"Yeah, Linda. Guatemala. The northern part. You got it?"

"How do you spell all that?"

Tim spelled out the place names. Linda read them back to him.

"What are you doing in Guatemala?"

"I went on a trip into the jungle. It was great. But I'm done now."

"When are you coming home?"

"I'm coming back to the States now. I'm not going back to Akron."

"Good. There's no problem, then?"

"Well, there's one little problem. I'm OK, but I don't have any money."

"How much money do you have?"

"I just told you, sis. I don't have any money."

"You're in Guatemala and you don't have any money."

"That's it exactly. You got it."

"How much money do you need?"

"I'll sell you my stereo system, sis. Five hundred bucks. That'll leave some cushion. I'd be back in Texas in a couple of weeks with two, three hundred dollars change."

"Are you sure five hundred dollars is enough?"

"Plenty. It'd be a godsend. Can you send it?"

"Yes, or course. How do I send it?"

"Send it to the Guatemalan National Telephone and Telegraph Company here in Lago de Flores, Peten, Guatemala. It's Tuesday today. If you send it tomorrow, I can probably pick it up Thursday, latest. I'll be on a bus Thursday or Friday."

"OK. I'll go to the bank and the Western Union right away. Are you sure you're OK?"

"Fine, Linda. Healthy as a horse. Been having the time of my life. I've met some great people, some great women."

"Guatemalan girls?"

"No, American. North American, anyway."

"You go to Guatemala to meet American girls? Why didn't you meet them up here?"

"I dunno, Linda, it's like they're in season down here. How's everybody?"

"They're fine. They'll be better once you're back. Listen, Tim, I'm going to send the money. I don't want your stereo. But I'll tell you what I do want."


"My brother. Safe and sound, back home in America."

"You got it, sister. Done deal."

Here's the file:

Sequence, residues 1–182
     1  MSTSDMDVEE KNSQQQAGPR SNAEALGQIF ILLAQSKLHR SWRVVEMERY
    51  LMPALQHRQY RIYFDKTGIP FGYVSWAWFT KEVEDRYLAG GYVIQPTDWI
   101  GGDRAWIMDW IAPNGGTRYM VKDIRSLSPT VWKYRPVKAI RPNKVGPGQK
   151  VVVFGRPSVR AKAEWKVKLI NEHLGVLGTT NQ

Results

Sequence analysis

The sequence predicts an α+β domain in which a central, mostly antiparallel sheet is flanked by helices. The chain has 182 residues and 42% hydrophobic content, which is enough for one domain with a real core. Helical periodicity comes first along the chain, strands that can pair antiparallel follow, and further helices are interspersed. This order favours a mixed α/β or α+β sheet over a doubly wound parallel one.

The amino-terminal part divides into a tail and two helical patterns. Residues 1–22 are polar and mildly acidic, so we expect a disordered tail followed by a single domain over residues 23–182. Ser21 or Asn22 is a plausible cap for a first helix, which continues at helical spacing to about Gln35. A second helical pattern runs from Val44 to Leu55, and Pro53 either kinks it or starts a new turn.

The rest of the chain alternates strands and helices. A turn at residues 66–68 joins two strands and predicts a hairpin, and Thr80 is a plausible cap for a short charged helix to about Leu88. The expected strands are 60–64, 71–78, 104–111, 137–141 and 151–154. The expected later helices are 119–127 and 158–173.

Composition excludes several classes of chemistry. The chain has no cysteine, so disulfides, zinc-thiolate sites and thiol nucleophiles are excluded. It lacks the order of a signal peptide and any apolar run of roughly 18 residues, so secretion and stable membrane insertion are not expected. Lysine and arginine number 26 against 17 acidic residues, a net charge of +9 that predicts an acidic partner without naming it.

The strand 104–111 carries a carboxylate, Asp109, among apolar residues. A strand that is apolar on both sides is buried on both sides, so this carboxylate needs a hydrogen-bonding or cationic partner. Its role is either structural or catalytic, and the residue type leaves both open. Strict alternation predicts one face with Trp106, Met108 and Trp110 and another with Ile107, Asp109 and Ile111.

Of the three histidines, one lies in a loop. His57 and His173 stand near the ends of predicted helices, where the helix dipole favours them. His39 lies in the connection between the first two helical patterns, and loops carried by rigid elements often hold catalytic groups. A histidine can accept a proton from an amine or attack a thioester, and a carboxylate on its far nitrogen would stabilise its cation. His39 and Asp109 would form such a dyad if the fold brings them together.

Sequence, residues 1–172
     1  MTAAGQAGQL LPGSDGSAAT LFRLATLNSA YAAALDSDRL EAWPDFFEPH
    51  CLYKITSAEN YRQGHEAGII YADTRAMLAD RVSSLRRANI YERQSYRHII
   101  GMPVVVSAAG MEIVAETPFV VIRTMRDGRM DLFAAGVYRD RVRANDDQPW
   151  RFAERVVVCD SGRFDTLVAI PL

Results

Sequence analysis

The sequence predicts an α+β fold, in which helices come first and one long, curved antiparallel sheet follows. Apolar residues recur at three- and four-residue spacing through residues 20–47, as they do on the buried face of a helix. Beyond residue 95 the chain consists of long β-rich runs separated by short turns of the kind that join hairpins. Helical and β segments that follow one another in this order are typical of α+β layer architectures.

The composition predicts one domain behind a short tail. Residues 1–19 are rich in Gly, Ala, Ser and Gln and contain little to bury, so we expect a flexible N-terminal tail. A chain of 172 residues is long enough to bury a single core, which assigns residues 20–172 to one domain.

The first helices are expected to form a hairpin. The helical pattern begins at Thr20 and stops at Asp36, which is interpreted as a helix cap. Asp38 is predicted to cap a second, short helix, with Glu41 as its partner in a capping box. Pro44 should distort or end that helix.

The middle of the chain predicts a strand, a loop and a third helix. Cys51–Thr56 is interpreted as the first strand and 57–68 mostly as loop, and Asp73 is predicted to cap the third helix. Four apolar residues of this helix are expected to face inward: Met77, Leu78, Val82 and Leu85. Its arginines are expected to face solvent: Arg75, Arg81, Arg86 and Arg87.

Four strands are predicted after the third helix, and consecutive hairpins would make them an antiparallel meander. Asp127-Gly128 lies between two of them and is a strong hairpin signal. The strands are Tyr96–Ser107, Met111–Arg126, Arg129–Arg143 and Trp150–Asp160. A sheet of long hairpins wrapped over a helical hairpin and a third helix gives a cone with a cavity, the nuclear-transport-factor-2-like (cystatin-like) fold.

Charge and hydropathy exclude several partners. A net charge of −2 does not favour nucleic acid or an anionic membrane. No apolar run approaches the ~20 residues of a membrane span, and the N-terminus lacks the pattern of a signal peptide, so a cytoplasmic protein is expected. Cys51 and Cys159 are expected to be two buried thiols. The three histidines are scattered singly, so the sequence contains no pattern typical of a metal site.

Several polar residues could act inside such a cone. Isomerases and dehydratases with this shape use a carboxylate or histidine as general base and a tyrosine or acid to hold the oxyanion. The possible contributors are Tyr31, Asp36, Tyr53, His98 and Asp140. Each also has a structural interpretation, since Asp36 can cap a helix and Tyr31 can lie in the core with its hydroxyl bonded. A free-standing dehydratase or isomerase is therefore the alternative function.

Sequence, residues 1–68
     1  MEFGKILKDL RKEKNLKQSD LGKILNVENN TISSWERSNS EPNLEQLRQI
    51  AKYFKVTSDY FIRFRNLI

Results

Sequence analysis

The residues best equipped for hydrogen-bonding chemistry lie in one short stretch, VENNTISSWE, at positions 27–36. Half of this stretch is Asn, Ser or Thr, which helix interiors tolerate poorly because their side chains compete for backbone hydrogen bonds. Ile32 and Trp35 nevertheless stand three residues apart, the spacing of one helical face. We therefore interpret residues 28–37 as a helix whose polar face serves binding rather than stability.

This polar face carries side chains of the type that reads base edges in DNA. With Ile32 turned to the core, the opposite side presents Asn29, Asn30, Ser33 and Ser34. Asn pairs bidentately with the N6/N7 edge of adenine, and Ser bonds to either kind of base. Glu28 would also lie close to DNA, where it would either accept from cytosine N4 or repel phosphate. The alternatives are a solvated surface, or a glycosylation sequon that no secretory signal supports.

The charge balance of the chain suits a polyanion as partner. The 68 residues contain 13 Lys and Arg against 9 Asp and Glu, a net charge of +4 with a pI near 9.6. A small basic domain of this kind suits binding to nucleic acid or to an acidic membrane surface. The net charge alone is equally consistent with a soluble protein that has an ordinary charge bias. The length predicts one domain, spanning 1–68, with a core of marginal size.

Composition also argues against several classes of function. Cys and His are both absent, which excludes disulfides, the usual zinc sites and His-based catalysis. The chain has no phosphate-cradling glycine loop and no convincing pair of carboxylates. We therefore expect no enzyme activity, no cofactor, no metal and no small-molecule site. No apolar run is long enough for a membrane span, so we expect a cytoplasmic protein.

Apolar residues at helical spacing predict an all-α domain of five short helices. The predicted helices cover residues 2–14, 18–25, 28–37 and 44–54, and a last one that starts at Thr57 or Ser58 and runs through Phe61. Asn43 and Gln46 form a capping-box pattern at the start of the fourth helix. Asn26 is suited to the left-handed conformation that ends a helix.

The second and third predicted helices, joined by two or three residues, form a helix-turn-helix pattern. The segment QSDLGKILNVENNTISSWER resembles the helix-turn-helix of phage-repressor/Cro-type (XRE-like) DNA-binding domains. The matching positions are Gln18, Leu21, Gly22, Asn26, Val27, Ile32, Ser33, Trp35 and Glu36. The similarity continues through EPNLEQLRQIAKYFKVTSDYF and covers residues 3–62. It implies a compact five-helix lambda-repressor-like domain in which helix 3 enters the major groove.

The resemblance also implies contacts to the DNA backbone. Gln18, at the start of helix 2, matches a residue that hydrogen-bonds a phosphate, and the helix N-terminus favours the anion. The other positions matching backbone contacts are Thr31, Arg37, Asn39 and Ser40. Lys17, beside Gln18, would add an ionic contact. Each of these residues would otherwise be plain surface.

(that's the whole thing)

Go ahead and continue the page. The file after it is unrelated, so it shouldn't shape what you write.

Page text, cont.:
"You come home, hear?"

"I will. Thanks a million. I'll pay you back. You can't believe what a relief this is. Thanks a lot. I'll call you again when I get the money. Thanks. Love to Mom and Dad. Bye."

"Bye, Tim. Take care."

"And come home, I know. Bye, Linda."

"Bye, Tim."

The next day, Wednesday . . . he went back to the telephone office. He entered and asked the receptionist if they had received a "giro telegrafico" for him. The receptionist looked up, smiled and said, "No."

That afternoon, Tim ate out of the market. Standing among the vegetable and fruit stalls, he chatted with a couple of young men from London. It turned out that the Londoners were crack Monty Python fans. They also knew the Firesign Theater, the obscure cult American comedy group that produced radio plays and albums. Tim recited Firesign Theater routines with them . . .

The next day, Tim squared his shoulders and went about his important work. He walked to the Telegraph office and asked if they had received a money wire for him. The receptionist looked up, smiled and said, "We don't receive money wires here."

If she had reached inside her desk, produced a fifty-pound carp and slapped Tim aside the head with it, he couldn't have been more surprised.


"This is an office for telephone calls and telegraph messages. But we don't send or receive money wires."

"What about that sign on the door that says, "'Money Wires?'"

"We used to send money wires. We don't anymore."

"Why don't you take down the sign then?"

The receptionist shrugged.

"Why . . . why every day this week, I come in here, and ask you if there's a money wire for me, and you say, 'No'?" Why didn't you tell me before?"